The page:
The discovery of the family's remains

Detectives working on the case had no promising leads. The public provided tips, reporting sightings of the Cowden family in San Francisco and Seattle, but they turned out to be false reports, as reported by Kobi 5. Seven months after the disappearance of the Cowden family, two men were prospecting for gold near Carberry Creek when they stumbled upon a body. The location was about 7 miles from where the Cowdens camped. Authorities were called and upon further investigation, they discovered that the body was tied to a tree. A hundred feet away were the bodies of a woman, a child, and a baby inside a small cave.

Dental records confirmed that the body tied to the tree was Richard Cowden, and the other three were his wife and two children. According to Strange Outdoors, Richard's cause of death could not be determined. Belinda and 5-year-old David both died of gunshot wounds, while baby Melissa died of blunt force trauma to the head. The possibility of a murder-suicide was explored, but investigators did not find a murder weapon at the scene, which led them to believe that the Cowden family was killed by someone unknown to them.

The investigation

Investigators had little to go on in terms of evidence, but they collected everything they could from the crime scene. Due to the time that passed since the family's disappearance, possible pieces of evidence left behind were exposed to elements and could have been destroyed. As noted by Kobi 5, a crucial item found at the scene was a bullet that belonged to a rifle, but there was no weapon. Interestingly, a man who volunteered to search for the Cowden family after their disappearance told authorities that he had been to the location where the bodies were discovered but said that back then, the small cave was empty, per The Lineup.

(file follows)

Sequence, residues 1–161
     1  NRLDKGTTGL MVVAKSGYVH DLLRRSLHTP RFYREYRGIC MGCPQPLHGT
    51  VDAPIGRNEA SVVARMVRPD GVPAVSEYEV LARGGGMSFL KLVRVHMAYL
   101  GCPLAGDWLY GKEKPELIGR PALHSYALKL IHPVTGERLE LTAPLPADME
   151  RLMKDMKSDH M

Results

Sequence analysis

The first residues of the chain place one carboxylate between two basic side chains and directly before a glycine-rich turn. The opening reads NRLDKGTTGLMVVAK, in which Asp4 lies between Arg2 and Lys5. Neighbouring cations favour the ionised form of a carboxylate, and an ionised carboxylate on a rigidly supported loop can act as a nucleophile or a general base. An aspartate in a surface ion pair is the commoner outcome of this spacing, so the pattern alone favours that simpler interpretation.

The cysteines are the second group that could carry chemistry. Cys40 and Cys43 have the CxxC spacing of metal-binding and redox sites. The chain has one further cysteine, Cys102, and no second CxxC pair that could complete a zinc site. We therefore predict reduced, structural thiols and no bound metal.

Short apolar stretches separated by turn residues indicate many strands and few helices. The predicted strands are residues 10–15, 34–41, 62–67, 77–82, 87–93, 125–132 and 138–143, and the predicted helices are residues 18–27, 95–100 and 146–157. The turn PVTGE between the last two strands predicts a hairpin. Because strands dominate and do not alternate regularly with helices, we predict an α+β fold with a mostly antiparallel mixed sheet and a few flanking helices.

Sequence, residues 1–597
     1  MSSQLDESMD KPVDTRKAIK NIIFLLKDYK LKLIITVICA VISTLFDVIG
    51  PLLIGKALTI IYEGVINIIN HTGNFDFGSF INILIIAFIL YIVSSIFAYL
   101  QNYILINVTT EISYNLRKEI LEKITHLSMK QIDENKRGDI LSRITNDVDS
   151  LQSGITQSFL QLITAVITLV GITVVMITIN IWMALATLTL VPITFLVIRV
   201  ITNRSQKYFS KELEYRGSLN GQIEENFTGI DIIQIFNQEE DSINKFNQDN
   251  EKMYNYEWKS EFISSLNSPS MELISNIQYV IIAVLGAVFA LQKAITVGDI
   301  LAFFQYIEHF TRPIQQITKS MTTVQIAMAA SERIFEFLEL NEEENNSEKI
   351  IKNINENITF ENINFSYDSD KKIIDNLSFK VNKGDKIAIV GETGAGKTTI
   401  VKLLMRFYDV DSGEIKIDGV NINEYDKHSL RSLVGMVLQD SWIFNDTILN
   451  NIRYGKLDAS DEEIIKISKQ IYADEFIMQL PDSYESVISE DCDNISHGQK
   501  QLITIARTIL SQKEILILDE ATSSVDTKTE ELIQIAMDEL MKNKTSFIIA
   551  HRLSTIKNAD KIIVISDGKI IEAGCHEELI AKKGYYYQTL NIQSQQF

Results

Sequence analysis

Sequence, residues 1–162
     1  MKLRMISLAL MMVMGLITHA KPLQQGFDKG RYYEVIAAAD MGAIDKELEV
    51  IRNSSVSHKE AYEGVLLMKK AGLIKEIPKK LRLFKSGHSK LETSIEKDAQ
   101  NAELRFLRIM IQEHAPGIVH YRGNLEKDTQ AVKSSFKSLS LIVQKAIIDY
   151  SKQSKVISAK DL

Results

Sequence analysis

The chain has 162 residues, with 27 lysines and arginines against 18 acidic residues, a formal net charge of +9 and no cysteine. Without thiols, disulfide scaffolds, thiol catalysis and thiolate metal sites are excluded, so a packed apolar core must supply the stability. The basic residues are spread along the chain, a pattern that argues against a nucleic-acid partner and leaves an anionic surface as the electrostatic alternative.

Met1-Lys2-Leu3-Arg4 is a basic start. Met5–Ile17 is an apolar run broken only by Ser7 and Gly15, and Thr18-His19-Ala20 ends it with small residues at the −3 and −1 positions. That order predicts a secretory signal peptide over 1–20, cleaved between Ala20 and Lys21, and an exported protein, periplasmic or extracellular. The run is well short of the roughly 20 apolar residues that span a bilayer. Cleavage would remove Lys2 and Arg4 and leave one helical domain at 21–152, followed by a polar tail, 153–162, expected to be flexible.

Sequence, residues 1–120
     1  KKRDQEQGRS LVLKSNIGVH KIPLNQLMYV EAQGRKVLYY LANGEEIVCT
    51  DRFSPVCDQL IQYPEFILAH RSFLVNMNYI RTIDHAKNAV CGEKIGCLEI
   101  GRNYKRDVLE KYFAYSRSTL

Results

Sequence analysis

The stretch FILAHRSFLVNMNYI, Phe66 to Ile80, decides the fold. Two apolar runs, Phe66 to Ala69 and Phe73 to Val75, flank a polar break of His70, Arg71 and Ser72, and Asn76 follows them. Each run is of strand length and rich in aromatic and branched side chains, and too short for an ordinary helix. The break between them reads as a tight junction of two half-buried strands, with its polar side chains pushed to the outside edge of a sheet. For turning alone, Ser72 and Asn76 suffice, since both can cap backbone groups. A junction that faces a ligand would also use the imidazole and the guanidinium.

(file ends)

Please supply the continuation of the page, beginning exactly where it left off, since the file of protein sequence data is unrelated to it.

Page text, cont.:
Investigators had little to go on to move forward with the case. However, they investigated a man named Dwain Lee Little in connection with the Cowden family murders. According to Strange Outdoors, Little had just been released from prison on parole a few months before the Cowdens disappeared from the campsite.

The case remains unsolved

Dwain Lee Little was in prison for the rape and murder of a teenager in 1964 before he was paroled in 1974. Eyewitnesses saw Little purchasing gas near the location of the Cowden family's campsite. In addition, as reported by Strange Outdoors, Little's girlfriend said that she saw him with a gun sometime during the 1974 holiday season and reported him to authorities. As a result, he was sent back to prison for violating his parole. Later, an inmate who once shared a cell with Little claimed that Little told him that he was responsible for the deaths of the Cowden family.

Despite the circumstantial evidence, Little had no direct link that conclusively tied him to the Cowden family murders and was never charged. Decades have passed since the Cowden family's mysterious disappearance and murders and to this day, the case remains one of Oregon's most baffling unsolved crimes.